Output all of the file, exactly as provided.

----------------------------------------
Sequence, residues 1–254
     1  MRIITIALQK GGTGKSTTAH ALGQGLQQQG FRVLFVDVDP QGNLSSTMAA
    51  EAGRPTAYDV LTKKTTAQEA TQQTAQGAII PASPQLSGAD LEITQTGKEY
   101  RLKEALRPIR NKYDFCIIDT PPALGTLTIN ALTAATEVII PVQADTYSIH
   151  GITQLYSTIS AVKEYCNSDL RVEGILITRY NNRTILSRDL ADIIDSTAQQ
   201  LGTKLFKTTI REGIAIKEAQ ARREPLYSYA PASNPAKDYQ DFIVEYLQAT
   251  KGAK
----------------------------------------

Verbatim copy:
Sequence, residues 1–254
     1  MRIITIALQK GGTGKSTTAH ALGQGLQQQG FRVLFVDVDP QGNLSSTMAA
    51  EAGRPTAYDV LTKKTTAQEA TQQTAQGAII PASPQLSGAD LEITQTGKEY
   101  RLKEALRPIR NKYDFCIIDT PPALGTLTIN ALTAATEVII PVQADTYSIH
   151  GITQLYSTIS AVKEYCNSDL RVEGILITRY NNRTILSRDL ADIIDSTAQQ
   201  LGTKLFKTTI REGIAIKEAQ ARREPLYSYA PASNPAKDYQ DFIVEYLQAT
   251  KGAK